Punxsutawney Phil, America's most famous rodent prognosticator, saw his shadow yesterday morning, signaling six more weeks of winter. Phil emerged from his ceremonial tree stump at Gobbler's Knob, Pennsylvania, to a cheering crowd that had waited in the cold for his annual prediction. It is the 99th time that Phil -- in his various incarnations -- has seen his shadow, according to groundhog.org, the official Web site of the groundhog club in Punxsutawney, about 75 miles northeast of Pittsburgh, in western Pennsylvania.
Not seeing a shadow -- something that has happened just 15 times in Phil's history, according to the club -- would have meant spring is around the corner.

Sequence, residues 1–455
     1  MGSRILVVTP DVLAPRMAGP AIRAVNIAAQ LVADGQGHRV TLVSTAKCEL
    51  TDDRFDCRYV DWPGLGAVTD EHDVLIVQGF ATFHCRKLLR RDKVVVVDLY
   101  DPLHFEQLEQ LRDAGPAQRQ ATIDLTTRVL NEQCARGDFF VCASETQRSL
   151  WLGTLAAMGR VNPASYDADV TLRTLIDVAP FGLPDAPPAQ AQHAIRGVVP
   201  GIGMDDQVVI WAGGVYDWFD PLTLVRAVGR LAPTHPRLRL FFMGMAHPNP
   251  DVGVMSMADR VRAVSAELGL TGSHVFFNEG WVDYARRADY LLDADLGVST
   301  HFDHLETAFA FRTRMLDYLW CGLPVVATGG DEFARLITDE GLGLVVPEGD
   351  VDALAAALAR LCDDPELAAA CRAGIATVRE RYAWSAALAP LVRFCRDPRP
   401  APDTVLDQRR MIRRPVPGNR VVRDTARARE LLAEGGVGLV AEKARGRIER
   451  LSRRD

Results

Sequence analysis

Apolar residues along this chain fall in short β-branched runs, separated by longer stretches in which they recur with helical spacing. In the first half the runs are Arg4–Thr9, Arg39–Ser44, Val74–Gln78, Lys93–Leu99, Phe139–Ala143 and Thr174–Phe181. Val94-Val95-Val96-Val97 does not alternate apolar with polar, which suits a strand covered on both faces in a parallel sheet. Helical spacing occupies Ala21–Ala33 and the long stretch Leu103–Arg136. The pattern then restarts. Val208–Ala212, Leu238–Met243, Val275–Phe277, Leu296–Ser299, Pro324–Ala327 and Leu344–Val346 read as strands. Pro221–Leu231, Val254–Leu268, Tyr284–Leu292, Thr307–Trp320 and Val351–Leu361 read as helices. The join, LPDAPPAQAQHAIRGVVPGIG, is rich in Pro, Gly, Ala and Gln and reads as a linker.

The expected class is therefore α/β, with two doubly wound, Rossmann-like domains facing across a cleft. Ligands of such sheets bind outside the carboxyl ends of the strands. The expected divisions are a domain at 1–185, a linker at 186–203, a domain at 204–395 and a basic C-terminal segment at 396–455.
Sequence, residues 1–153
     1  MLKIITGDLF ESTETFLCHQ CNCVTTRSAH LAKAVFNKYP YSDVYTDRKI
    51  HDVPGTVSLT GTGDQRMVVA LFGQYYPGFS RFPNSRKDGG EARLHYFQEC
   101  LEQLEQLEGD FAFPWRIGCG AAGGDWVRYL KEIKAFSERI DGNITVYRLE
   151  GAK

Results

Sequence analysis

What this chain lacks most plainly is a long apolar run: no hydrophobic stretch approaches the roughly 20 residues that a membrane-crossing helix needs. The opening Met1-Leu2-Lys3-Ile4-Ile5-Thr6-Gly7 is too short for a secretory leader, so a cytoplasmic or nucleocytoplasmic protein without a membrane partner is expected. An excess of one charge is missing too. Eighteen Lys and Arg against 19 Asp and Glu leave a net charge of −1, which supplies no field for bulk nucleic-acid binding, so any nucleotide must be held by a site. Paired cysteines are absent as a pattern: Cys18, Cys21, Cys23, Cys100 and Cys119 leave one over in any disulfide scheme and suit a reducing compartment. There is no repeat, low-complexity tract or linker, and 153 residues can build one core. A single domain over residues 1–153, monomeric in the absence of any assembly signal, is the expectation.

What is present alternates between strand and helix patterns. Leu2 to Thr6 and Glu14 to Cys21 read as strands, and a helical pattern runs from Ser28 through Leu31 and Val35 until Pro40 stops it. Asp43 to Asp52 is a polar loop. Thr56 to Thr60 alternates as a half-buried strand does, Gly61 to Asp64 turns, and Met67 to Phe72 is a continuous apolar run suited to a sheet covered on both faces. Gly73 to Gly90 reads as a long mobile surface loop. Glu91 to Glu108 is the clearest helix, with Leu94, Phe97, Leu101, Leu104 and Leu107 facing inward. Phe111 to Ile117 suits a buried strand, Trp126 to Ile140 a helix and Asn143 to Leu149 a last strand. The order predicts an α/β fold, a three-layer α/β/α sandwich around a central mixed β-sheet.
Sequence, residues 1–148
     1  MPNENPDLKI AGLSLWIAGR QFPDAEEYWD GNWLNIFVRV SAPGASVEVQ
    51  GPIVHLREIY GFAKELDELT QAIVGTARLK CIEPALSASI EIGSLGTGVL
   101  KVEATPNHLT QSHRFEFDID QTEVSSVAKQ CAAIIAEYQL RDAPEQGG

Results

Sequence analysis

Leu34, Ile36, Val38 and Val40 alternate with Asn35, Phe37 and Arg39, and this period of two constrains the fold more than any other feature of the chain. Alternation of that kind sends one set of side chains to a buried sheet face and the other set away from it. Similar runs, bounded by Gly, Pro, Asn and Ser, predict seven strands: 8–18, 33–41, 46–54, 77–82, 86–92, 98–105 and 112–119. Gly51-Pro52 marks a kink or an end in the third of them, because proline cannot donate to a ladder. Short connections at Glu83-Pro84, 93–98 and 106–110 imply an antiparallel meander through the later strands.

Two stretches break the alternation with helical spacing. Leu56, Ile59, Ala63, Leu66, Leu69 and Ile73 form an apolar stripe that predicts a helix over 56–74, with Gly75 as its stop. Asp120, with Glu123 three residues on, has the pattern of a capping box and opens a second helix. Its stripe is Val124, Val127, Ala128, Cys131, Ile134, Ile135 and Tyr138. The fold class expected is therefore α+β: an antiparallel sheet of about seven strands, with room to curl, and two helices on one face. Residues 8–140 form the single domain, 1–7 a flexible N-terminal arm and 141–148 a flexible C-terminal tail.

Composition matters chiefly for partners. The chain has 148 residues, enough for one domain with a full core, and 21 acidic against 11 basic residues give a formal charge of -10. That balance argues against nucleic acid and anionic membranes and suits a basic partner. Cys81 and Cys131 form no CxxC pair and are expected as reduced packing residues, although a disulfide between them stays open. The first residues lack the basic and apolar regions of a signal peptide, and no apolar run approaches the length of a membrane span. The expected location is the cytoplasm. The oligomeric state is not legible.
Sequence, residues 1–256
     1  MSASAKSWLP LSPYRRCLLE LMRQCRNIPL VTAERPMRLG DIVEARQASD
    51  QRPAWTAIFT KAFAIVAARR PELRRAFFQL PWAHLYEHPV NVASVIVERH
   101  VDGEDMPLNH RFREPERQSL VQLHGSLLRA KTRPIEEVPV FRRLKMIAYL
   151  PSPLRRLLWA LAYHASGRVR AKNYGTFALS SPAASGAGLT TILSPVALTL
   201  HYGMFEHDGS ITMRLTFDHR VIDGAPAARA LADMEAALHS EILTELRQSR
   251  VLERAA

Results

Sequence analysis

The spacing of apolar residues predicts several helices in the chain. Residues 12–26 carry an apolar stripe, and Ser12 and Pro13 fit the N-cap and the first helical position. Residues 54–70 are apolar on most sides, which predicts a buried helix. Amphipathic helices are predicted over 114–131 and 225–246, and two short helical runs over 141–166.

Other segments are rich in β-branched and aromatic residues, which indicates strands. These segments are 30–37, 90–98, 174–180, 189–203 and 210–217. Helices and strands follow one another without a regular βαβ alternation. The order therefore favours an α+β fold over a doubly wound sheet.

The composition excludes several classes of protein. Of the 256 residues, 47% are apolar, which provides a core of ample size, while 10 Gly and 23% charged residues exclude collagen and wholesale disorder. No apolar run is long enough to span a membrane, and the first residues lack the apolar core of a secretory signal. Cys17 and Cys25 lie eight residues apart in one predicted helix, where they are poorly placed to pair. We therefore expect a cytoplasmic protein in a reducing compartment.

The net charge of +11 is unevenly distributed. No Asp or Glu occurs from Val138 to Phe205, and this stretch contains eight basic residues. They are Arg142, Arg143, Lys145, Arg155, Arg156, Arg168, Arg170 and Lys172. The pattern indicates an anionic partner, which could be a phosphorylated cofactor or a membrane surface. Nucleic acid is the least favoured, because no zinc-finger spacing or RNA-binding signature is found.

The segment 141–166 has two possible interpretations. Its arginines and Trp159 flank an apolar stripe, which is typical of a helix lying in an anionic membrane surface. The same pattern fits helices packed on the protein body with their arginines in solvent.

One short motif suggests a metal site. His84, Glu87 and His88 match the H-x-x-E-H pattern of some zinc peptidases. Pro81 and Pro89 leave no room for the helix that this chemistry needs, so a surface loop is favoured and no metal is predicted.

Phil's predictions don't mean much to human weather predictors, however. According to stormfax.com, Phil is correct 39 percent of the time. The U.S. National Oceanic and Atmospheric Administration goes even further, saying Phil has "no predictive skill."
The tradition behind the famous groundhog goes back to medieval times when there was a superstition that all hibernating animals emerged from their caves and dens to check the weather on Candlemas, which is halfway between the winter solstice in December and the vernal equinox in March.
Seeing their shadows would mean winter would go on for another six weeks, and they could go back to sleep, according to the tradition. The tradition came to America with the early German settlers who arrived in Pennsylvania.